The OIG recently released a review of SNF care and discharge plans. The OIG found that 37% of SNFs did not meet the care planning requirements or did not provide services in accordance with care plans. They go on to say that for 31% of stays, SNFs did not meet discharge planning requirements. The OIG calls for stricter oversight of SNF care and discharge plans as Medicare paid approximately $5.1 billion for stays in which SNFs did not meet the requirements.
What this means for you
You can expect surveyors to pay very close attention to care and discharge plans. When the federal government identifies $5.1 billion in payments for services that did not meet requirements, you can read that to mean they consider these over/erroneous payments. Enforcement activity is at an all-time high with SNFs making large repayments to the government. Expect the survey process to include a detailed review of the care plan content versus the actual services provided.
What the OIG recommends
- Strengthen the regulations on care planning and discharge planning
- Provide guidance to SNFs to improve care planning and discharge planning
- Increase surveyor efforts to identify SNFs that do not meet care planning and discharge planning requirements and to hold these SNFs accountable
- Link payments to meeting quality-of-care requirements
- Follow up on the SNFs that failed to meet care planning and discharge planning requirements or that provided poor quality care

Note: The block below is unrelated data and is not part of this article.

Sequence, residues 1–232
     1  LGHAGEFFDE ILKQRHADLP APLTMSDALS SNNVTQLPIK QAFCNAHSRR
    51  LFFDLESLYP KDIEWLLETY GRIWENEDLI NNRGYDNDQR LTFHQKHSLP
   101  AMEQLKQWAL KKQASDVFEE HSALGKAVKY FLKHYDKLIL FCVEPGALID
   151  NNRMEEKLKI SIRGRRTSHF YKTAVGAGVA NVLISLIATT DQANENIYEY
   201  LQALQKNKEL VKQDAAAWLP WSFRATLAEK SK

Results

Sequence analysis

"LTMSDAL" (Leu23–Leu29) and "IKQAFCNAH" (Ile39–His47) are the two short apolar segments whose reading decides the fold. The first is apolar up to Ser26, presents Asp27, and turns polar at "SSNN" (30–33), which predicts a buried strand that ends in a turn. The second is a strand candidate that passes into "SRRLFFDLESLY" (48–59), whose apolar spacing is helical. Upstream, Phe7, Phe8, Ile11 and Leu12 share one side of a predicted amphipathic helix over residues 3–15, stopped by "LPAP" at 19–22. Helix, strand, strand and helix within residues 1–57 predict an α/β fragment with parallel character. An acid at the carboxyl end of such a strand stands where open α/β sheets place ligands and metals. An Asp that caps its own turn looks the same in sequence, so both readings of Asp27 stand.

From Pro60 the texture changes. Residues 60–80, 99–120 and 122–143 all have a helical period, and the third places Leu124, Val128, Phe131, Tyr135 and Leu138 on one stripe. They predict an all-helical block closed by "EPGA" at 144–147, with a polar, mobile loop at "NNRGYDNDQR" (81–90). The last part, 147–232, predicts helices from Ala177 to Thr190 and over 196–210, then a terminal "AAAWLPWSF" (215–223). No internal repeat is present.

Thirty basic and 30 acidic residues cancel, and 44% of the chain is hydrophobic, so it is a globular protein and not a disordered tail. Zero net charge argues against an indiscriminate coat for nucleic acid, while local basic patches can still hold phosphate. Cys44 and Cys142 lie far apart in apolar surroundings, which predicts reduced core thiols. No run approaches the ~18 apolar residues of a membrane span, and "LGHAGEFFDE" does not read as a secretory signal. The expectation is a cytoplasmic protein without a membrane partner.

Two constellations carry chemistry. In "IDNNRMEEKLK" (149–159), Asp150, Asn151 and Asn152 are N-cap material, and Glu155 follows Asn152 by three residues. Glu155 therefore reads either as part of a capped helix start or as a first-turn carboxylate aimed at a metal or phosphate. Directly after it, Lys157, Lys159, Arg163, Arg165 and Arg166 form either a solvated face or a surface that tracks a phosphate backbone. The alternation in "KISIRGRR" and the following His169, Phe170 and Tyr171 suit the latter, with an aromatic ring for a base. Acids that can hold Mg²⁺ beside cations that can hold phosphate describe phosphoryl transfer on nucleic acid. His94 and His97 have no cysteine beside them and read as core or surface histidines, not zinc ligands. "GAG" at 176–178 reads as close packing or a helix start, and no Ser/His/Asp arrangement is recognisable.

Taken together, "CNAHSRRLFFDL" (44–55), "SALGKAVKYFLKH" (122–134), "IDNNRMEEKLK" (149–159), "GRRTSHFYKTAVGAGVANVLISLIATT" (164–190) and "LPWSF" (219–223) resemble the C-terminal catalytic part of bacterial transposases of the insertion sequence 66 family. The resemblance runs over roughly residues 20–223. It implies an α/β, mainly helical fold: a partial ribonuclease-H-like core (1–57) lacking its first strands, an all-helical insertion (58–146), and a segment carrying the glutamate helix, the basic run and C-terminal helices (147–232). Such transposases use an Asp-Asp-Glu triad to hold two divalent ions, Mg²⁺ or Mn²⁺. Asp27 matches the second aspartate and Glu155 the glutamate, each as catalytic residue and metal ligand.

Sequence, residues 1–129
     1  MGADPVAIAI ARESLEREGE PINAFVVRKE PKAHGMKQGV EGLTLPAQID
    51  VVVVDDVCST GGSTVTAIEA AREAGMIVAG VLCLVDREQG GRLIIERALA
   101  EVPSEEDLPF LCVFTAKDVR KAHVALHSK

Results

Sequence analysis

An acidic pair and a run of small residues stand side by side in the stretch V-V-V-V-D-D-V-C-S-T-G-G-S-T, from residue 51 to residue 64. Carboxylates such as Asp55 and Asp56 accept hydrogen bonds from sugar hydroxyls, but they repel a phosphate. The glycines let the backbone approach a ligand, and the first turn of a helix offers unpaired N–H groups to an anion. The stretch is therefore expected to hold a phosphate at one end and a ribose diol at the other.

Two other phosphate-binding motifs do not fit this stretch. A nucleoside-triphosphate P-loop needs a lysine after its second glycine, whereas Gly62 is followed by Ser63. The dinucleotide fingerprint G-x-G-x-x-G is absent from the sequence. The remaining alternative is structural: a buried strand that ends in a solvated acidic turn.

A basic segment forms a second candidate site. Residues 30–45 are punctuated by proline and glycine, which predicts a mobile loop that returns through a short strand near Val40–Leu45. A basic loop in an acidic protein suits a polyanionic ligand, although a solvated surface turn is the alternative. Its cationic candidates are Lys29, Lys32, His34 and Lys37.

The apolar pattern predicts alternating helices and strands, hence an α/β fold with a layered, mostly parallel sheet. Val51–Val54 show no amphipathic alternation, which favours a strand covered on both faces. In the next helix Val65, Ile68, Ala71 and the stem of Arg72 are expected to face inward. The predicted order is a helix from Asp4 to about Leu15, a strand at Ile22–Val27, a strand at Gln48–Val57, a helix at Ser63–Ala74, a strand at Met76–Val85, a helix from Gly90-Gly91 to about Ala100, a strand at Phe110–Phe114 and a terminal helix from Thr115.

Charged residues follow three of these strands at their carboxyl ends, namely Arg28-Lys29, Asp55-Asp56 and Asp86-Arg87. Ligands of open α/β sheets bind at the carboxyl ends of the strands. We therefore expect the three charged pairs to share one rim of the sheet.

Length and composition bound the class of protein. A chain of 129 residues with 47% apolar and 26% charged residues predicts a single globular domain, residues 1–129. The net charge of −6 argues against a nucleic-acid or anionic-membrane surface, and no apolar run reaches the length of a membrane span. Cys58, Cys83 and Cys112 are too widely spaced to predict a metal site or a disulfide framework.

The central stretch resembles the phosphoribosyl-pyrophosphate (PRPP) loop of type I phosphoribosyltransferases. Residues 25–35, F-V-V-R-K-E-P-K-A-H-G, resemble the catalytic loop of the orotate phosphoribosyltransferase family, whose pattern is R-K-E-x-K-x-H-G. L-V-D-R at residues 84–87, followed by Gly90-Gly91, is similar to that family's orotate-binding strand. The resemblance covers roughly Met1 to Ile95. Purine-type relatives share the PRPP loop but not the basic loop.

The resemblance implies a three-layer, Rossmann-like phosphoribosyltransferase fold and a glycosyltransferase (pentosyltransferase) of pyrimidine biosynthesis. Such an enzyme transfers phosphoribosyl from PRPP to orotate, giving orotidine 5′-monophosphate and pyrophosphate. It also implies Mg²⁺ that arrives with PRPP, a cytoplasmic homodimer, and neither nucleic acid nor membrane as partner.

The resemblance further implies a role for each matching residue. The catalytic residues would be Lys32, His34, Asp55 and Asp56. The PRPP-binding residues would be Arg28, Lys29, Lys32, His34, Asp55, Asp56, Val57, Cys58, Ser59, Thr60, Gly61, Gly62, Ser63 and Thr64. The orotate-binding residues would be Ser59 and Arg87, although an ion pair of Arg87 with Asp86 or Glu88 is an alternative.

How to protect yourself
SNFs can protect themselves from this additional regulatory scrutiny through care plan training and auditing. Remember, care plans must be individualized and consistently updated. Include measurable objectives and timetables to meet a resident's medical, nursing, mental and psychosocial needs identified in the MDS assessment. Conduct a review of care plans to ensure the MDS data links to the care plan, stated goals include a measurable objective, timetables are reasonable, and documentation in the chart is consistent with the plan. Once you develop a baseline understanding of your current state of compliance with care planning requirements, perform staff training consistent with the gaps in your care planning process. Follow up with a regular care plan audit.
Discharge planning is also a key focus area for investigators. Your audit should include a specific review of discharge plans relative to the requirements. Discharge plans should include a thorough recap of the resident's stay, a description of the resident's functional status at the time of discharge, and a description of the care and services required following discharge. Resident needs and plans change frequently, so re-visit the subject of discharge periodically even if there is no short-term plan. Be certain that care plan meetings include a discussion about each resident's discharge potential and the likelihood that the resident will elect to leave. Keeping an open dialogue will give your facility the time it needs to plan discharges appropriately and safely.